The Maine Supreme Judicial Court has upheld a lower court’s ruling to allow a referendum question on the November ballot that seeks to overturn regulatory approval of Central Maine Power Co.’s planned transmission corridor through western Maine.

In a ruling issued Thursday, the court affirmed that Maine Secretary of State Matt Dunlap acted appropriately when deciding that opponents of the project had gathered enough valid signatures to place the question on the ballot.

Delbert Reed, a former CMP employee, had challenged Dunlap’s decision in Maine Superior Court, based in part on improprieties in the petition-gathering process that were discovered by the state. Dunlap threw out some petition signatures but chose not to launch a wide-ranging fraud investigation.

The court suggested that Dunlap could have done more to investigate the fraud allegations, but that his decision not to did not constitute “an error of law or an abuse of discretion.”

“Based on all of the evidence presented, combined with the absence of any suggestion of fraud raised by municipal officers, the Secretary of State reasonably determined that such broad assertions were insufficient grounds to launch an additional investigation of the entire campaign,” the ruling states.

CMP’s proposed New England Clean Energy Connect would serve carry 1,200 megawatts of Canadian hydroelectric power to the New England regional grid.


CMP contends the project, funded by Massachusetts ratepayers, would benefit Maine and the region by lowering carbon emissions, reducing fossil fuel usage and stabilizing electricity costs. But opponents say the project would create environmental damage and hurt homegrown solar, wind and biomass projects in Maine.

In March, Dunlap said backers of the anti-corridor referendum gathered 69,714 valid signatures, more than the 63,067 required to place the question on the November ballot, even though 12,735 signatures were ruled invalid.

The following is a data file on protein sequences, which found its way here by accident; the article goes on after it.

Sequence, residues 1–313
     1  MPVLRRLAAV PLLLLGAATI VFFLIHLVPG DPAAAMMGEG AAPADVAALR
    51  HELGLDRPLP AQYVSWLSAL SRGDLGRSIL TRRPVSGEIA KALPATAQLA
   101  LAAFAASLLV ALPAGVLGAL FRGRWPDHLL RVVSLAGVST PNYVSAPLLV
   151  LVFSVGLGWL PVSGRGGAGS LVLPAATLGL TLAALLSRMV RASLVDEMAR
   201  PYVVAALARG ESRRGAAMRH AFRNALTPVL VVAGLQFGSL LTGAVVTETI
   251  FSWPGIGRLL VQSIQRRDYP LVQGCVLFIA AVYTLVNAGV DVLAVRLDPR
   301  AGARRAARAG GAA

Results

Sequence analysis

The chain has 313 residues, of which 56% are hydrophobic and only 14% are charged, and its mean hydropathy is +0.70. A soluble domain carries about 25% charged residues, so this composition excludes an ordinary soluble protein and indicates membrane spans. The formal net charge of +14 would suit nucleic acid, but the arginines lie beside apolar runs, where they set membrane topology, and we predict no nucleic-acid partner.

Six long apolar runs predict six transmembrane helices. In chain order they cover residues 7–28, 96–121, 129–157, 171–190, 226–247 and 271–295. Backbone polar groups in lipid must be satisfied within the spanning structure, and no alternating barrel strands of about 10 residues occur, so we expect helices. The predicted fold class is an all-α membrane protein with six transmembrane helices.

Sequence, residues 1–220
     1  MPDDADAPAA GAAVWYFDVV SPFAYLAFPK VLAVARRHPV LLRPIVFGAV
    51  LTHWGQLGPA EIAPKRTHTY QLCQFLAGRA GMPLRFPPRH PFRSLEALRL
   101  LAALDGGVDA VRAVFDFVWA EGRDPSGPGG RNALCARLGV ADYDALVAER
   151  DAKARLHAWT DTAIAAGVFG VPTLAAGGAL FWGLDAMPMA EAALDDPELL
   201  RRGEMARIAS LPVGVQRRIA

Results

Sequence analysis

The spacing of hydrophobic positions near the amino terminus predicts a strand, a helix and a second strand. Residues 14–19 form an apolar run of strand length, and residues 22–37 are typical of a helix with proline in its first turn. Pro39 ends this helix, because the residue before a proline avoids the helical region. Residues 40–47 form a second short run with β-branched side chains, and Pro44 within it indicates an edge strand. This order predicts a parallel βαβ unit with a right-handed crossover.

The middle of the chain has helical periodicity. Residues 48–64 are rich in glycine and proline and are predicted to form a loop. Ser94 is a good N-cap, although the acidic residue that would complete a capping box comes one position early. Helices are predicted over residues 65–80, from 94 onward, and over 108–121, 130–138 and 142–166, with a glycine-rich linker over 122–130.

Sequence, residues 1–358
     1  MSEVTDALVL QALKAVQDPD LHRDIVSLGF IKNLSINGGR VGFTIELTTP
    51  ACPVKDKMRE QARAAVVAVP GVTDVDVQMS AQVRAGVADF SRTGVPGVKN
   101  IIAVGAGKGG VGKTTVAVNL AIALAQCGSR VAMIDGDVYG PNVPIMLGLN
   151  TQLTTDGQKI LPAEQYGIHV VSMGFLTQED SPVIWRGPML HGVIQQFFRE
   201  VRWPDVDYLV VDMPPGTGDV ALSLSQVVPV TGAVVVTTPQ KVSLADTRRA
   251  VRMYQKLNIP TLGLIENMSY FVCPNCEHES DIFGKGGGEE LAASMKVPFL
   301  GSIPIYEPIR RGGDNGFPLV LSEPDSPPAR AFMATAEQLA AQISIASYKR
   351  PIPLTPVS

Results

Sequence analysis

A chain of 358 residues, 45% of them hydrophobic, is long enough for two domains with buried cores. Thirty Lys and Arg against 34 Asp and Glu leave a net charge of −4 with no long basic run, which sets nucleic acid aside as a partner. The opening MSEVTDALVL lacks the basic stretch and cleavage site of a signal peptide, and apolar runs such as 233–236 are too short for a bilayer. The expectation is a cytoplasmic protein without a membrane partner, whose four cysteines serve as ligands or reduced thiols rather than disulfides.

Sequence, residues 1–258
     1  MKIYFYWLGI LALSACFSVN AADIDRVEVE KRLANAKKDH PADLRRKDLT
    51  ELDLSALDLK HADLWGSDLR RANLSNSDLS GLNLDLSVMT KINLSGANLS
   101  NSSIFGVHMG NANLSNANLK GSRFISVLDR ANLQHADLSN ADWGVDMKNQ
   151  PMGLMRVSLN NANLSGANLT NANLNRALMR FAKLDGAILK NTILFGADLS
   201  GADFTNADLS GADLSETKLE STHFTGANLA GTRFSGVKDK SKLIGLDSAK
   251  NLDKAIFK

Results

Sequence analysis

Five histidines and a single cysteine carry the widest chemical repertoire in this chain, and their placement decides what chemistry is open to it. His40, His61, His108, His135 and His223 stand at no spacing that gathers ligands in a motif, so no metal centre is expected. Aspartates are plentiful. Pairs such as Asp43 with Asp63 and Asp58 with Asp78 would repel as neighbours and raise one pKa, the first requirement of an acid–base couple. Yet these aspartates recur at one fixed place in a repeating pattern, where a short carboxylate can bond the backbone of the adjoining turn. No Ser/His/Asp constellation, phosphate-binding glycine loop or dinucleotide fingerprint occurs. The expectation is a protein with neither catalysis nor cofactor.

Dunlap later examined the actions of eight notaries involved in signature-gathering and determined that three acted improperly, either by circulating petitions themselves and subsequently notarizing petitions for other circulators, or by not administering an oath to circulators in an authorized manner. He also disqualified all the signatures previously found valid from one circulator whose petition was rife with errors.

Reed’s legal challenge to the initial certification on March 4 remanded the matter back to Dunlap’s office, and he disqualified an additional 2,052 signatures in April to lower the total to validated total to 66,117, still above the 63,067 threshold.

Maine Superior Court Justice Michaela Murphy ruled in April that Dunlap’s interpretation of the law was sound as it pertained to the gathering of signatures.

If supported by voters in November, the referendum would order the Maine Public Utilities Commission to reverse its 2019 finding that the planned, 145-mile power line stretching from Lewiston to the Quebec border is in the state’s best interests.

A successful referendum to overturn the decision of an apolitical regulatory body would be unprecedented in Maine, and it is unclear whether such an outcome could withstand a legal challenge.

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